Independent student bodies secured a landslide victory at the American University of Beirut on Friday, in unprecedented success against blocs aligned with traditional political parties.
Student elections at AUB saw two independent lists win 65 seats out of 82 in the student council and 15 out of the 19 spots on the university’s Committee for Professors and Students.
Activists and emerging political parties from the October 17 uprising supported the Campus Choice (AUB Secular Club) and Change Starts Here campaigns. Both campaigns adhered to what activists called the principles of the October 17 uprising, including fighting sectarianism and the enriched corruption by “establishment” political parties.
This victory is the third win for the independent student movement in Lebanon after similar successes at the Lebanese American University and Rafik Hariri University.
Last month, the independent student campaigns made significant gains at LAU’s Beirut campus, securing a majority in the student elections for the first time against traditional political parties.
Leen El Harake, an activist student and co-manager of the independent campaign at LAU, said that leading the first student election after the nationwide anti-government protests, ensuing economic crisis and, most recently, the Aug. 4 Port of Beirut blast was both a challenge and a responsibility.
“It was a responsibility because everyone in the country was desperately waiting for change. We had to make sure that we lived up to people’s hopes because we knew it would impact student voters in other universities,” she told Al Arabiya English.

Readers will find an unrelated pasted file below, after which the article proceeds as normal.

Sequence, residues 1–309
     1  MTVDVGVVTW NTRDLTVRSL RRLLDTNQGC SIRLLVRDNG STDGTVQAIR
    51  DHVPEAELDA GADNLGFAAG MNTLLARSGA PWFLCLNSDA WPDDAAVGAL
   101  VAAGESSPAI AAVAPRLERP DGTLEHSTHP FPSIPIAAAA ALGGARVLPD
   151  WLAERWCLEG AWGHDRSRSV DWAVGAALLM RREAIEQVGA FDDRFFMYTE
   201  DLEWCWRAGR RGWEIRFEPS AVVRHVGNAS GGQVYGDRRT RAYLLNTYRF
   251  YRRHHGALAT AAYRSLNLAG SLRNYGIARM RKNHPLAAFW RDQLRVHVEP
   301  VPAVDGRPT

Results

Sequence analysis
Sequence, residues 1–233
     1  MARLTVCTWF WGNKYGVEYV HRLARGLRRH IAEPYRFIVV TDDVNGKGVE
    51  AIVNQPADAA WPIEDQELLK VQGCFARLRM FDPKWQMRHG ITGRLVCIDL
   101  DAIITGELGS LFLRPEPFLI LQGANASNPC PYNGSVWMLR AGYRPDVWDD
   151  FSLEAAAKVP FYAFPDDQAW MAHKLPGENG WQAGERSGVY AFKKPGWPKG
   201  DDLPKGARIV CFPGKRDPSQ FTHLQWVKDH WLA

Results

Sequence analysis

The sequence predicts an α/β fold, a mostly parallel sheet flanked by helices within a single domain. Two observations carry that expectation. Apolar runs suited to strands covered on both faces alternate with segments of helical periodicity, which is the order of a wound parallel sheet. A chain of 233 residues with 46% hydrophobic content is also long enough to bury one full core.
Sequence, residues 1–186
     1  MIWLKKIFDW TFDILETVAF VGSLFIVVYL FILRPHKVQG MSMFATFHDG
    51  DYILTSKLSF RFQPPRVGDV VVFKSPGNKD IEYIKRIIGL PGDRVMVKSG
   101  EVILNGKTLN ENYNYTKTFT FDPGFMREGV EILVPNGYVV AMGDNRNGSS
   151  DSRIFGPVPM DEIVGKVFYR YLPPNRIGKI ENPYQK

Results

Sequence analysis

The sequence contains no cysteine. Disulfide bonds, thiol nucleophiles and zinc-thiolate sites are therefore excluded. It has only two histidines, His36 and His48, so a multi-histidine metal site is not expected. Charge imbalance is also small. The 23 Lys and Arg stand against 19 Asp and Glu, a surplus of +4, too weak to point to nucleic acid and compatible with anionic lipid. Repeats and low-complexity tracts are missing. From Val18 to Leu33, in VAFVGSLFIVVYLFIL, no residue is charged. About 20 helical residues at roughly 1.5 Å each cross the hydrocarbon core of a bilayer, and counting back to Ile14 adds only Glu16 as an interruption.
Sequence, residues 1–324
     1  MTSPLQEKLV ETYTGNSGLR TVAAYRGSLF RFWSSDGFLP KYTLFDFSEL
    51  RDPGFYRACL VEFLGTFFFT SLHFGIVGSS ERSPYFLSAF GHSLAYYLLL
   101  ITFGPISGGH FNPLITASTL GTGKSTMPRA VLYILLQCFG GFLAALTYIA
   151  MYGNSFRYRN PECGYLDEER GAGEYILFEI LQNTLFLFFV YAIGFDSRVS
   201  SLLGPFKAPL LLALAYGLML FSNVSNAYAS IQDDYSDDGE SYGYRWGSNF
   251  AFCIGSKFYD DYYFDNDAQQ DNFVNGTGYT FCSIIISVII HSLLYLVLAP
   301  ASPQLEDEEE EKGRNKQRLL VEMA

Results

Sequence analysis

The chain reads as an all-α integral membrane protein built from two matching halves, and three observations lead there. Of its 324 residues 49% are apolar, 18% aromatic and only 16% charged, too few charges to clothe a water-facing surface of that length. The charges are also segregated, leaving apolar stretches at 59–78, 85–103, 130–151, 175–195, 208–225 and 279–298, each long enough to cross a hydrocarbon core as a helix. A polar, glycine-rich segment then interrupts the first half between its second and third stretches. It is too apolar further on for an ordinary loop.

“After our elections, we started seeing a ripple effect, and we couldn’t be happier. From RHU to AUB and soon in [other Lebanese universities], independent councils are unstoppable today,” she added.
For Siba Mroueh, the VP of Communications and Political Identity at Change Starts Here, the student elections are always important because the university is “a microcosm of the Lebanese society.”
She told Al Arabiya English that the student elections were “parallel” to all the political work done since the October 17 uprising. “The students who are voting now in these elections are the people who will vote later in parliamentary elections,” she said.
Independent candidate Oussama Obeid said the win was not only about securing seats in university elections, but it was about showing people that there was hope for change.
“The Secular Club’s discourse accumulated over the past few years after being involved in a set of political activities, including the 2015 anti-establishment protests during the garbage crisis, the 2016 Beirut Municipality elections, and the 2019 October uprising,” said Karim Safieddine, former president of the AUB Secular Club.
Meanwhile, Hussein El-Achi from Minteshreen, a new youth-led political party that supported both campaigns at AUB, said student elections had always been crucial in Lebanon to determine shifts in public opinion among the youth.
He said this explains why traditional political parties expend significant resources and efforts during student elections to show that public opinion still supports each one of those parties.
“This year, the elections had greater importance because they follow one of the most [significant] modern Lebanese history events: the October 17 uprising,” he told Al Arabiya English.
“It is important to note that many traditional political parties avoided those electoral battles,” he said, explaining that the reason for this was an expected victory for independents.